Japan is opening its first overseas army base in Djibouti, a small African state strategically located at the southern end of the Red Sea on the Gulf of Aden, to counter rising piracy in the region.
The 40-million-dollar base expected to be completed by early next year will strengthen international efforts to curb hijackings and vessel attacks by hordes of gunmen from the lawless Somalia.
The Djibouti base breaks new ground for Japan, which has had no standing army since World War II and cannot wage war. It however has armed forces — the Japan Self-Defence Forces — which were formed at the end of US occupation in 1952.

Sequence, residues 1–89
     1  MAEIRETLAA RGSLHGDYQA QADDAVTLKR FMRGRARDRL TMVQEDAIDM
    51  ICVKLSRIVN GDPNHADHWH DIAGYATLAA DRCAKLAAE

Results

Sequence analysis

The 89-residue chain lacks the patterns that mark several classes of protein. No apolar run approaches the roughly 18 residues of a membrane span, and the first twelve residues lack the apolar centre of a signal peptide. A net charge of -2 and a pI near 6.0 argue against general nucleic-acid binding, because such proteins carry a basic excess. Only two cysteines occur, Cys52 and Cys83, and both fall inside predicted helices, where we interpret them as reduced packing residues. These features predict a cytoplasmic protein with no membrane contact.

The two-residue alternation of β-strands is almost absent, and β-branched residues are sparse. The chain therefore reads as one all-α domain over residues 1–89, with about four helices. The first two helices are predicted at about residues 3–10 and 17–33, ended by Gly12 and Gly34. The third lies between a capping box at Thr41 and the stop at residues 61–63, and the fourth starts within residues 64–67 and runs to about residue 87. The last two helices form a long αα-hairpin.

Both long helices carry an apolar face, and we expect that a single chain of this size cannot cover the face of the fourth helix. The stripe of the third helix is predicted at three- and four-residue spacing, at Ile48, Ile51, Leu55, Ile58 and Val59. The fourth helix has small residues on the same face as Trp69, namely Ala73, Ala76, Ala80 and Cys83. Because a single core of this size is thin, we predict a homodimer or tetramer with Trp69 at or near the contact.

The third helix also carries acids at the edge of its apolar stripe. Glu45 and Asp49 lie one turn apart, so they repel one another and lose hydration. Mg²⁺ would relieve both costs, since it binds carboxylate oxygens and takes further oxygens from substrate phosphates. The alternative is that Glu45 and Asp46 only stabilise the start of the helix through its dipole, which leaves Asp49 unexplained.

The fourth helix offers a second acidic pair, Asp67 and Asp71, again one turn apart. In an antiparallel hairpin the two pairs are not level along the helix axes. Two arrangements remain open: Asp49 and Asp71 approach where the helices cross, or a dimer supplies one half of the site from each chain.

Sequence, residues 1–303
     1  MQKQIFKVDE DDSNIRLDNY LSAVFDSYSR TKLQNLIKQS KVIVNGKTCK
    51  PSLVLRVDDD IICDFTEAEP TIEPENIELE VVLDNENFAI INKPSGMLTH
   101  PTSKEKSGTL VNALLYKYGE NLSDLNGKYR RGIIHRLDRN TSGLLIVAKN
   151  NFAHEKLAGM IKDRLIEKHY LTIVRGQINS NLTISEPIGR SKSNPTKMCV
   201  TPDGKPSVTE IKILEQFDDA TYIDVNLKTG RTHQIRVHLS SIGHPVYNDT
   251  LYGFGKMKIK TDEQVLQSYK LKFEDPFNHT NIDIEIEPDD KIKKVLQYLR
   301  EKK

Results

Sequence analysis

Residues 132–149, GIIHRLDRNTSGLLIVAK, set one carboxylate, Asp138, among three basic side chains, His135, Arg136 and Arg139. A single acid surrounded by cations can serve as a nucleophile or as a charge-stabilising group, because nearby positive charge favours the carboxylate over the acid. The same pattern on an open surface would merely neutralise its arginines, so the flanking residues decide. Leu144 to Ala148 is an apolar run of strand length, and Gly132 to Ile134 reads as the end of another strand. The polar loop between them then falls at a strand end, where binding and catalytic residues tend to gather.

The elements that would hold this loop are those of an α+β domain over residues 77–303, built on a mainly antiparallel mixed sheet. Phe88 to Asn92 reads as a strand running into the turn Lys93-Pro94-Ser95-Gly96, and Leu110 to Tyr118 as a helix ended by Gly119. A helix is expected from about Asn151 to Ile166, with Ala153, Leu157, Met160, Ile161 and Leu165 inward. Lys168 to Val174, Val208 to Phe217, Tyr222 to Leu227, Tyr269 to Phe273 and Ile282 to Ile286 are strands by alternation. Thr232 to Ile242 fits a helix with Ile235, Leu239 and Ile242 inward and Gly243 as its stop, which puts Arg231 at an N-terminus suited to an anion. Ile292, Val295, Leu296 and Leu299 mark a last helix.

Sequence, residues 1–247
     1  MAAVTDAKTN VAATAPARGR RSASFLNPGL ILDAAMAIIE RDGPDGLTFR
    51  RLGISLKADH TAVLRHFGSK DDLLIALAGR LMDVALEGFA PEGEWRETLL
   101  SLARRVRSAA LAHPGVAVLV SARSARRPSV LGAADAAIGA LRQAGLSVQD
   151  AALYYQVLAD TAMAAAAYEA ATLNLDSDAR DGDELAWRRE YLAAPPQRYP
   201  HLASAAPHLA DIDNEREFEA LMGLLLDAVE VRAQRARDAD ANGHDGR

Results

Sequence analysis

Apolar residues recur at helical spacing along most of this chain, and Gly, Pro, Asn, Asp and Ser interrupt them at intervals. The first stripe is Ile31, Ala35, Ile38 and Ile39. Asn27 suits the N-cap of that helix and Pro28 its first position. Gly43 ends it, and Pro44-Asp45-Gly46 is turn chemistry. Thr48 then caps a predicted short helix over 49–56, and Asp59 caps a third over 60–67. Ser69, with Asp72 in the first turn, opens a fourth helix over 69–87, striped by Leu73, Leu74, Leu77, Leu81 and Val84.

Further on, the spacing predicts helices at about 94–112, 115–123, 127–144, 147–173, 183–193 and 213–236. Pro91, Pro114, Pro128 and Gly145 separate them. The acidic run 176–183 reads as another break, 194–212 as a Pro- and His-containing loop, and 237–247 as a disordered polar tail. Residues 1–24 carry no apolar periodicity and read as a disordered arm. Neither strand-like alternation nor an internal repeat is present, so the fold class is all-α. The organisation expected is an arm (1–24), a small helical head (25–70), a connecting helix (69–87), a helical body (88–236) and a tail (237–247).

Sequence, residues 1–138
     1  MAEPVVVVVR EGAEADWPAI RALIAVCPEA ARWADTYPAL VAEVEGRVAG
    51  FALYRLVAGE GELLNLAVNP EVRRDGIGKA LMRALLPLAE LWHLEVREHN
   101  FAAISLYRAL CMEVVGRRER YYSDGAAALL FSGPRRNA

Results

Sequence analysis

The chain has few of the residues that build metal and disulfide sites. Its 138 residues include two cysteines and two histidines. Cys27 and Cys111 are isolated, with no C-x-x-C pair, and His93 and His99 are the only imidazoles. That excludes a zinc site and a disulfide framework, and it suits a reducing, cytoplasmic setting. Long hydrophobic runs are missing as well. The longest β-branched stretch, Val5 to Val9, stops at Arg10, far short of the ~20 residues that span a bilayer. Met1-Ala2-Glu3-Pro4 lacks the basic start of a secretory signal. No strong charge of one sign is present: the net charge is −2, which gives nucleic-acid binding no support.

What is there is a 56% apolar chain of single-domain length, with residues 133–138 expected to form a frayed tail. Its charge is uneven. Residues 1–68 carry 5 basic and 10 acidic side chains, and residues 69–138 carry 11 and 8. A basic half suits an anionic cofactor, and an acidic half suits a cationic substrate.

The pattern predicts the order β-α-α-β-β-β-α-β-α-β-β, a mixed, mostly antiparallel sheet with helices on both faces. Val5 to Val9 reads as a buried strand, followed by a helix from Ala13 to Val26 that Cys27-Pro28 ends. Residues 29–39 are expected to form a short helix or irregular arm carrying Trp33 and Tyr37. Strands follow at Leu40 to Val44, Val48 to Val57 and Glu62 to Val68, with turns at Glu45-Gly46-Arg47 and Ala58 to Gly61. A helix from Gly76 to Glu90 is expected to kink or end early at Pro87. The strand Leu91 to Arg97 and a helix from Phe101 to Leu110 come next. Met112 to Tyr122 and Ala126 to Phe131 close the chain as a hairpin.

Read the rest of the story: Piracy rattles Japan to open first foreign military base
Watch the video story: Japanese Navy Ship Travels to Battle Somali Pirate